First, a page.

The penetration of alloy wheels in different sub-categories of the automotive market in prominent markets is increasing steadily and this trend is expected to continue further in the near future.
Based on the type of vehicles, the market for alloy wheels is categorized into the passenger vehicle and commercial vehicle segment.
A passenger vehicle is a dominant segment for the adoption of alloy wheels mainly due to greater manufacturing of these type of vehicles compared to commercial vehicles.
The Asia-Pacific region is the fastest growing market in the world for alloy wheels. The major reasons for this include more production of vehicles in the region due to increased demand.
The liberalized government regulations, ease of availability of raw materials and cost-effective labor in the Asia Pacific region is another driver for the alloy wheel industry.
Key Differences Between Alloy and Steel Wheels
There are many differences between alloy and steel wheels.
You must carefully study and understand their differences and assess which one of them is more suited to your driving needs.
Some of the major differences between alloy wheels and steel wheels are discussed below:
Alloy wheels are made from aluminum or magnesium alloys or a blend of both. They are much lighter than steel wheels.
They have a lower unsprung weight which provides excellent driving experience compared to the regular steel wheels.
The amount of aluminum alloy which is required to provide the same strength as a steel wheel is 40% less than steel.
Aluminum weighs much lighter than steel of the same size which is the reason behind the alloy wheels being lighter than the regular steel wheels.
It is important to note that the forged aluminum wheels are much stronger than cast aluminum and also weigh less.
Handling is an important consideration for choosing a particular type of wheel. As already discussed, the alloy wheels are lighter which is a key factor in improving the overall car driving and maneuverability experience.
The lightweight nature of the alloy wheels provides better acceleration and more agile performance on the road.
Alloy wheels also have better heat transmission compared to the steel wheels.
A better and improved heat transmission mechanism ensures that heat is properly dispersed from the brakes.
This provides better braking performance and reduces the chances of braking failure due to heating issues considerably.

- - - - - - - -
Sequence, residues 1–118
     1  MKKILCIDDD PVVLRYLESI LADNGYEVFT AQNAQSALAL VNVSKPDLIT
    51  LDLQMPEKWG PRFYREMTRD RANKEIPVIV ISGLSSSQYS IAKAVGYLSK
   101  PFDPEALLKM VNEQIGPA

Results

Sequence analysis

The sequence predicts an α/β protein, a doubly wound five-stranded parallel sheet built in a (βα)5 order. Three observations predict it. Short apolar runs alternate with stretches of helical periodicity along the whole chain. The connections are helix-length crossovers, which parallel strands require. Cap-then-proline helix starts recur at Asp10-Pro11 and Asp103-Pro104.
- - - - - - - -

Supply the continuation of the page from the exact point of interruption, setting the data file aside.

Due to the lower unsprung mass of the alloy wheels, the suspension keeps better contact and traction with the terrains, thereby providing improved road grip and better driving experience.
Alloy wheels are generally costlier than the steel wheels. The greater cost is due to the use of lightweight alloy and better features which it offers compared to the steel wheels.
You can consider many different customization options for enhancing the visual aesthetics of your car using an alloy wheel.
Steel wheels, on the other hand, are basic and are good for a basic driving experience at a lower cost.
The additional cost incurred towards buying alloy wheels can be offset against the savings made by improved fuel efficiency.
Alloy wheels are lighter and improve the driving experience and also enhance the fuel efficiency of your car which helps you to save money on fuel.
Durability is often a key deciding factor when selecting car wheels.
Generally, alloy wheels have greater strength compared to the steel wheels due to the use of advanced technology in the process of manufacturing.
Steel wheels have the problem of bending more on potholes than the alloy wheels. Alloy wheels though they bend lesser than steel wheels can break when they bend beyond their threshold.
Once the rim is broken, an alloy wheel is very difficult and nearly impossible to repair.
In such cases, you will more likely have to buy a new set of alloy wheels which can be costly.
Steel wheels, on the other hand, can be easily repaired if the rim breaks and hence are the more cost-effective option.
The alloy wheels are available in different sizes.